As far as gear for fall trail running, I’ve been loving my Ultimate Direction Womens Ultra Vesta for a running specific hydration pack. It’s lightweight, comfortable, has TONS of pockets and can do bottles in the front pockets and a 1.5 L bladder in the main compartment. It’s really lightweight and comfortable, and it has lots of little straps to adjust and tighten it down. If I’m running in the mornings or late afternoons, when it’s chilly but not too cold, I usually go with a lightweight, long sleeve top, like this Smartwool merino one and shorts. My favorite running shorts are the Brooks Women’s Chaser 5″ and the REI Co-op Active Pursuits.

Fall Trail Running Gear // tahoefabulous.com

Gravel Biking
I’ve had my gravel bike, the Diamondback Bicycles Haanjo Trail for about a year, and I’m now a huge fan of gravel biking. I use mine for a bunch of things – bike commuting, riding mellow mountain bike trails, and true gravel grinding. There are miles and miles of gravel roads in the Truckee area. If you’re looking to do some exploring, I’d recommend checking out the Prosser Creek Reservoir area. For a slightly more challenging ride, check out the Elizabethtown Meadows Trail.

Elizabethtown Meadows // tahoefabulous.com

I’m able to use a lot of the same gear for gravel biking that I already owned, which has been nice. I did switch to a  lighter weight, lower profile road helmet, like the Giro Saga. It’s more comfortable than my mountain bike helmet when I’m leaned over the bars. I also wear really basic mountain bike shoes, like the Shimano ME2. They’re fairly light weight, comfortable for long rides, and easy to walk on and stable on uneven surfaces. I don’t like wearing a full hydration pack on the gravel bike, so for really short rides close to home, I’ll just do a water bottle and a FlipBelt. For longer rides, I’ll add a saddle bag, like the Evoc Saddle Bag Tour. Greyson has the Salsa Exp Series Top Tube Bag, which is really nice for storing extra gear on really long rides.

Gravel Biking Gear // tahoefabulous.com

Yoga
This fall, I’ve gotten back into yoga. As the days are getting shorter, and it gets harder to go for a ride or hike after work, it’s nice to do something active that’s not the gym. I got the prAna Indigena Natural Yoga Mat as a gift, and I love it. It’s held up well, it grips well on the ground and my hands don’t slip. Since it’s made from natural rubber, it doesn’t off gas that gross plastic smell, even when brand new. For leggings, I really like the Athleta Elation Tight in Powervita. In the “Tall” length, it’s one of the few pairs I’ve had that are actually long enough. The Elation tights aren’t very thick or compressive, so if you’re looking for that, I recommend the Outdoor Voices Warm Up Leggings. During yoga I prefer more minimalist sports bras, like the Smartwool Seamless Strappy. If you’re visiting the Truckee area and looking for a yoga studio to visit, I highly recommend Truckee Yoga Collective.

Yoga Gear // tahoefabulous.com

VIDEO: Kingsbury Stinger

The Kingsbury Stinger trail is a new and improved, rebuilt trail off of Kingsbury Grade on the south shore of Lake Tahoe.

The Kingsbury Stinger is yet another awesome TAMBA (Tahoe Area Mountain Biking Association) trail!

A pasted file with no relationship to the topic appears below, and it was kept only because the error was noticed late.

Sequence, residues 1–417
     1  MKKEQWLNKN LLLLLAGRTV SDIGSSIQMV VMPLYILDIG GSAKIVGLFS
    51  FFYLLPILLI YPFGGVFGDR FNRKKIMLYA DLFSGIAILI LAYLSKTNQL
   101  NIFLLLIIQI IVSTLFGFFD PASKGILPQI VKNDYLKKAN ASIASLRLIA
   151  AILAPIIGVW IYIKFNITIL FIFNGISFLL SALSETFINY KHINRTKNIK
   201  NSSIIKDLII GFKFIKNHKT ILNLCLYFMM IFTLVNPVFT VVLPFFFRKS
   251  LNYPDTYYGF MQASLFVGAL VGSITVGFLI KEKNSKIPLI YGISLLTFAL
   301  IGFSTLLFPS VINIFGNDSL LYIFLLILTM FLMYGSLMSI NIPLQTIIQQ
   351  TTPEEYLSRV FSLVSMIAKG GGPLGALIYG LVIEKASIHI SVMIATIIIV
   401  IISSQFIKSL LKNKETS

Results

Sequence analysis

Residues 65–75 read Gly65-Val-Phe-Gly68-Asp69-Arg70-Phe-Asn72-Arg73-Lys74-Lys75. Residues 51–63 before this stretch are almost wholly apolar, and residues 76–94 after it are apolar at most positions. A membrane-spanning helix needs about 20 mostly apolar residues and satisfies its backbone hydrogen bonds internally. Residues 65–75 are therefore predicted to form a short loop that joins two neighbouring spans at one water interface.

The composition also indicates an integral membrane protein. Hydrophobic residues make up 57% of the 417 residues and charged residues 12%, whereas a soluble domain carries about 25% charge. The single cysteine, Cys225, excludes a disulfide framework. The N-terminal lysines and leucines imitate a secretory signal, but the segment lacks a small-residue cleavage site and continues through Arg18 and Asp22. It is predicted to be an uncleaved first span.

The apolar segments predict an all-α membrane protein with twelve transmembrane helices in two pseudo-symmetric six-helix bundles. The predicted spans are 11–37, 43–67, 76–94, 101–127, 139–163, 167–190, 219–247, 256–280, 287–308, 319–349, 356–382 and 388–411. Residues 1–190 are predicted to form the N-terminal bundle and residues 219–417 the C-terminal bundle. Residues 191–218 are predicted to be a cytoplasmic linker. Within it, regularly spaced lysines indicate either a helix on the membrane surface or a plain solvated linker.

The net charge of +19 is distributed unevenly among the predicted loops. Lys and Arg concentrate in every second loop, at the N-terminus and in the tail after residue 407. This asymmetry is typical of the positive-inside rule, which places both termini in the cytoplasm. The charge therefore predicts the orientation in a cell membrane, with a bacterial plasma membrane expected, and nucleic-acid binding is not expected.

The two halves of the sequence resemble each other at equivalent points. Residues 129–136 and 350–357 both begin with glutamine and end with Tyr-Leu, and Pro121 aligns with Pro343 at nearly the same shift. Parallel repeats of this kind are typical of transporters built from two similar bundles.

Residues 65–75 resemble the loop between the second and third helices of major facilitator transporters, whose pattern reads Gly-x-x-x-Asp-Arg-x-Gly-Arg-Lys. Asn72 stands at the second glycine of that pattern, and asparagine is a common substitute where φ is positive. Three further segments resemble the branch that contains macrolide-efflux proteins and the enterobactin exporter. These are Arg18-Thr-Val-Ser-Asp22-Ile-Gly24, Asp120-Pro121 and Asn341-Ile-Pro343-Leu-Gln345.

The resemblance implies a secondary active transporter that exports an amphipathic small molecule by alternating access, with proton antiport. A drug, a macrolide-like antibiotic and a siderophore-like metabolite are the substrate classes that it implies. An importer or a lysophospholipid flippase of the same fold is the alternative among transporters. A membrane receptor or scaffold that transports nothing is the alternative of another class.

VIDEO: Jackass Trail, Truckee, California

Jackass Trail is probably the most ridded downhill trail in the Truckee area, and that’s for a good reason. It’s rideable by all levels of riders, with ride arounds for beginners and doubles, drops, and rock rolls for advanced riders. It’s newly legal (thanks Truckee Trails Foundation & US Forest Service!) and there’s a new trail for climbing so go check it out.

Five Awesome Fall Mountain Bike Rides in Tahoe-Truckee

Tahoe Truckee Fall Mountain Bike Rides // tahoefabulous.com

Fall, or “Locals Summer”, is hands down my favorite time to go mountain biking in Tahoe and Truckee. The weather is cooler, the trails are less crowded, and, if we’re lucky, we’ve gotten some rain to help tamp down the dust. However, some rides are better than other in the fall. Some trails get over ridden throughout the summer and are too loose by September, and others are high enough that early season snow renders them unrideable. Here are some of my favorite Truckee and Tahoe trails to ride in the fall.

Fall Riding Donner Lake Rim Trail // tahoefabulous.com

Donner Lake Rim Trail, Truckee, California
The Donner Lake Rim Trail, which currently traverses about 10.5 miles of single track above the north side of Donner Lake is an awesome fall ride. Other than some loose, dusty corners, the trail holds up really well into the late fall. The Donner Lake Rim Trail has some of the best views of Donner Lake, it’s one of the best mountain biking trails for fall colors. It’s easy to access, has plenty of parking, and it connects to other local trails, like Hole in the Ground and Wendin Way

The Donner Lake Rim Trail has sections for everyone, from beginners to advanced riders. The Castle Valley segment is rocky and technical, the Drifter Hut Switchbacks are mostly flowy with some tight corners, and the Skislope segment is either a mellow climb up or ride down. For more details about the trails, check out my Trail Guides for the Donner Lake Rim Trail from Castle Valley and from Glacier Way. I haven’t written a trail guide for the newest section of the Donner Lake Rim Trail that connects to Northwoods Drive, but you can check out my video of the trail here.

Fall Riding Corral Trail Network // tahoefabulous.com

Upper Corral and Incense Cedar Trails, South Lake Tahoe, California